Jeff Yates

Jeff Yates and family.

What made you want to run for public office in Kanab?

I want to run for city office because I believe that I have the ability and experience to help guide Kanab into its future. I enjoy working with my fellow City Council members and Kanab City employees to solve the problems the city faces while serving the community. I like being a part of that machine that allows the city to function and helping it run effectively and efficiently.

Why do you feel you are qualified for the position?

I have been directly involved with Kanab City for about 10 years now. I spent a four-year stint on Planning and Zoning, and during that time I was involved in the update of the general plan in 2010. I have been a member of the Kanab City Council for six years at the end of my term this year. My responsibilities on the council have included Police, Fire and Heritage. This has given me exposure to how those departments run and what their needs are. I have also served as the Mayor Pro Tem many times throughout the last two years. I had the responsibility to act on behalf of the mayor when he was not available. I believe this has helped me understand what the job requires and how to perform it successfully.

What do you think is the most important issue facing Kanab right now, and how would you address it if you were elected?

I think the biggest issue is infrastructure. Kanab is currently in a growth cycle. I believe there are four things we need to focus on: water, sewer, public safety and recreation to keep up with that growth. Currently, Kanab is nearing the end of its biggest infrastructure project in its history with two new water tanks and nearly one mile of new water pipe laid in the ground. I want to continue to make sure Kanab has the infrastructure framework it needs while being fiscally responsible.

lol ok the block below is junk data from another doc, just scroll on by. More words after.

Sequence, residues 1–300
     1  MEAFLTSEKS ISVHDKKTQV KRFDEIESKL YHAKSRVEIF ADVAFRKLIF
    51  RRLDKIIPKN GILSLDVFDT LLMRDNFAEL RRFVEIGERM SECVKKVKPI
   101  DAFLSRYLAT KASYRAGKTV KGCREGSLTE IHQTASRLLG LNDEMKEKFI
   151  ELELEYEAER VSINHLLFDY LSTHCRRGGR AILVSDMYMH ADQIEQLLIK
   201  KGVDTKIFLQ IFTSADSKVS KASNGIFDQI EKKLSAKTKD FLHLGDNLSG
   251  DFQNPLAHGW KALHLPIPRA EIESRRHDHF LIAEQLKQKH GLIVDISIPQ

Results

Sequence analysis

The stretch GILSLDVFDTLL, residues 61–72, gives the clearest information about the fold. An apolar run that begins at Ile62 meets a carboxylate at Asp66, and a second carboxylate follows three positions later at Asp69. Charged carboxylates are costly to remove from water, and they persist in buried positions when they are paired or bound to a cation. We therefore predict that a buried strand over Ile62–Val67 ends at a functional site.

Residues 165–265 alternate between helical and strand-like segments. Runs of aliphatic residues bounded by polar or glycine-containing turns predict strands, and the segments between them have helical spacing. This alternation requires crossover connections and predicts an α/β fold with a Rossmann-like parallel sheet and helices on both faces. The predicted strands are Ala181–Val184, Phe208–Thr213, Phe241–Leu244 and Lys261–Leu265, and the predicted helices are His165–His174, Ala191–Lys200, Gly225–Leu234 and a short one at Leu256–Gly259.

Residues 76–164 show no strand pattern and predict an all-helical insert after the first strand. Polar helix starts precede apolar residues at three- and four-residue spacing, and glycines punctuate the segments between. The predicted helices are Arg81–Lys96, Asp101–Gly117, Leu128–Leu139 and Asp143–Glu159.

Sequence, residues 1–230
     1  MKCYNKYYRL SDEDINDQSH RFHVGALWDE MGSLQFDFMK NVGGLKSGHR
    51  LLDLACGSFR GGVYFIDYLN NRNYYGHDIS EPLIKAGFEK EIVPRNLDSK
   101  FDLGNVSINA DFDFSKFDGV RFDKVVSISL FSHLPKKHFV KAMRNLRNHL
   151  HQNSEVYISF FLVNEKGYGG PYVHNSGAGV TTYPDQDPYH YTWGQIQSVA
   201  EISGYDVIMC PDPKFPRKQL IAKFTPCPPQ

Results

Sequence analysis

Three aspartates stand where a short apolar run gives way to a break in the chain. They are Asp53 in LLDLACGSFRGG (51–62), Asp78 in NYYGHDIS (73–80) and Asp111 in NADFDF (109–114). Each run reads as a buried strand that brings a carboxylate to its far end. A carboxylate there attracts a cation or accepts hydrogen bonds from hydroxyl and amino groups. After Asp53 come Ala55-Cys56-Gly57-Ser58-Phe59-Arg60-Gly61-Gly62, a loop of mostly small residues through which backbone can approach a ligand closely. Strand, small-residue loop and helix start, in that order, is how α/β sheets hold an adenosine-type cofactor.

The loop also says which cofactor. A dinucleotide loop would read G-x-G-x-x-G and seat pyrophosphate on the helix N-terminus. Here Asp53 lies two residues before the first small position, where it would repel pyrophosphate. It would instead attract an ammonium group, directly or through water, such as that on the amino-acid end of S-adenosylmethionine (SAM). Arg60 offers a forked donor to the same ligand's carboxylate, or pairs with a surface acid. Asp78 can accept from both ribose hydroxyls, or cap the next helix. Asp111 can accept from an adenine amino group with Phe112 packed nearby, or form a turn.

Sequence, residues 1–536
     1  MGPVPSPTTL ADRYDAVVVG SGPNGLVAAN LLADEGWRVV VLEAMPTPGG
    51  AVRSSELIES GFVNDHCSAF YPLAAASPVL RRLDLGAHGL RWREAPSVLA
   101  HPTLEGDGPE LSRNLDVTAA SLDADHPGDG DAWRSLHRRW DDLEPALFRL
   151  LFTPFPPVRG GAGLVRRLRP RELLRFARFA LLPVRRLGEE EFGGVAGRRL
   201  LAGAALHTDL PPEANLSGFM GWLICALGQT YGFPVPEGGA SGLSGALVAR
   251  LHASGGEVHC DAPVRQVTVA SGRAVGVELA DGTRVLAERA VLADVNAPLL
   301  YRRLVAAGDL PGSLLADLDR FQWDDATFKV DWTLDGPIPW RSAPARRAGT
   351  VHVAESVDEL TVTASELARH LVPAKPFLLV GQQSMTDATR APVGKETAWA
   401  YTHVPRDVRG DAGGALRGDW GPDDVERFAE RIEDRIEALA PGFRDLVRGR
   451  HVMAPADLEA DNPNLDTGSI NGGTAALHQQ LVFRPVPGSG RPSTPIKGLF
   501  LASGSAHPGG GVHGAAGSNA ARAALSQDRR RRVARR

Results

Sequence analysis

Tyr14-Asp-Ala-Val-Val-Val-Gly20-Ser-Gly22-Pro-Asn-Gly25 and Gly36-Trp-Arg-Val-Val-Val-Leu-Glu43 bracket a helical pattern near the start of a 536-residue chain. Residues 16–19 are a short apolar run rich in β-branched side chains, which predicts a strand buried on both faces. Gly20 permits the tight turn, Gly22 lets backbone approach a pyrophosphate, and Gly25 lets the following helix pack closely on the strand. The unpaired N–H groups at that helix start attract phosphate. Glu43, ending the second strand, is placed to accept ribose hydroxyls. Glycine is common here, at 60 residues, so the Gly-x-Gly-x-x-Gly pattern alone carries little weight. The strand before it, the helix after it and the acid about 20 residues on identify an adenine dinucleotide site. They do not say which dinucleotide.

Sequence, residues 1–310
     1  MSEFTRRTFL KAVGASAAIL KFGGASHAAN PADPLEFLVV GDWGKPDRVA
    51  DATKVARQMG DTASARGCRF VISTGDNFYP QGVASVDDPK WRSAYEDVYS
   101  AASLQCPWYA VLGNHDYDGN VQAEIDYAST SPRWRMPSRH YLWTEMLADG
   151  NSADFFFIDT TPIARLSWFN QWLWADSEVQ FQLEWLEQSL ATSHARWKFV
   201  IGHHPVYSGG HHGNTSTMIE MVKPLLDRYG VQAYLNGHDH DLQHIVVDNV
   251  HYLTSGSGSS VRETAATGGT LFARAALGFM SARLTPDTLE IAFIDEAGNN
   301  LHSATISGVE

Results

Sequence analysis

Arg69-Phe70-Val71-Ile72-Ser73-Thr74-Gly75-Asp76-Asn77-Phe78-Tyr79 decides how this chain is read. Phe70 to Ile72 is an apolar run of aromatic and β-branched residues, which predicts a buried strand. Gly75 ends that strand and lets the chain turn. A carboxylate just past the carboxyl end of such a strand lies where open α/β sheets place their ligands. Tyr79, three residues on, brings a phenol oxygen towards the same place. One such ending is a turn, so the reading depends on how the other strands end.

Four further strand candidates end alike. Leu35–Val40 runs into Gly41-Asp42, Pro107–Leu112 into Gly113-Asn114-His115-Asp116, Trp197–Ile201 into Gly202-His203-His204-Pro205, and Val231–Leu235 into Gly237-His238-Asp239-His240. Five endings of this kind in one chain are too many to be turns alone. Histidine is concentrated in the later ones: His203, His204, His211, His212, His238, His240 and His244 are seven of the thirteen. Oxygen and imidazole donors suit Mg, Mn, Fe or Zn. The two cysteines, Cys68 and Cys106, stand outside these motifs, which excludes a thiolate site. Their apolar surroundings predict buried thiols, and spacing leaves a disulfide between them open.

The next major project that is on the horizon is a storm water project. Kanab City, in cooperation with the Natural Resources Conservation Service (NRCS), is currently in the environmental assessment phase of an 18 million dollar project to mitigate damage from stormwater that effects the drainages near Kanab. If approved, it would take as much as five years to complete and should have the city prepared for floodwater as it comes.

Kanab, in cooperation with Kane County Hospital, has funded and hired some of its first full time firefighter-EMTs. These new firefighters along with volunteers have greatly reduced the response times for medical and fire emergencies in Kanab and the surrounding areas. I hope to continue that trend.

Kanab City is now in the beginning stages of planning and designing a new police station. I feel strongly that the police department needs improved infrastructure to work more effectively. I have worked in conjunction with the Kanab City Police to help make this goal a reality. This will give our

Kanab Police a home for decades and allow them to grow as the city does.

We need to finish the recreational properties we have developed. I would focus on the Ranchos park after completion of the new Kanab Elementary School and finish the connector trail that goes to the Jackson Flat Reservoir. Beyond that, if any large recreational project would increase taxes, I would want it to go to an official vote to approve the funding.

As mayor it would be my focus to help these projects along and put Kanab in a position to handle future growth.

Are you in favor of seeing Kanab grow, or would you like to restrict growth through proper planning and zoning channels?

No one person has control over growth. I believe that we need to have planned and responsible strategies in place to help manage growth appropriately. Planning and Zoning and the general plan provides a framework on how we would like to see the city develop. If and when a developer meets those requirements, we are required by law to allow them to develop. Stopping growth is not an option, however, prudent and planned growth is possible.

While there are many challenges that we face, one of the biggest is cost and availability of housing. I do believe the quickest way to make a community unaffordable is to restrict the amount of housing. This causes an undersupply that makes the cost go up. This will make it harder for our businesses to hire, for our children to stay in Kanab, make services harder to provide and make it harder for Kanab to function. The only way I know to solve this is more housing to be built. My hope is that the new developments will help solve both of those issues.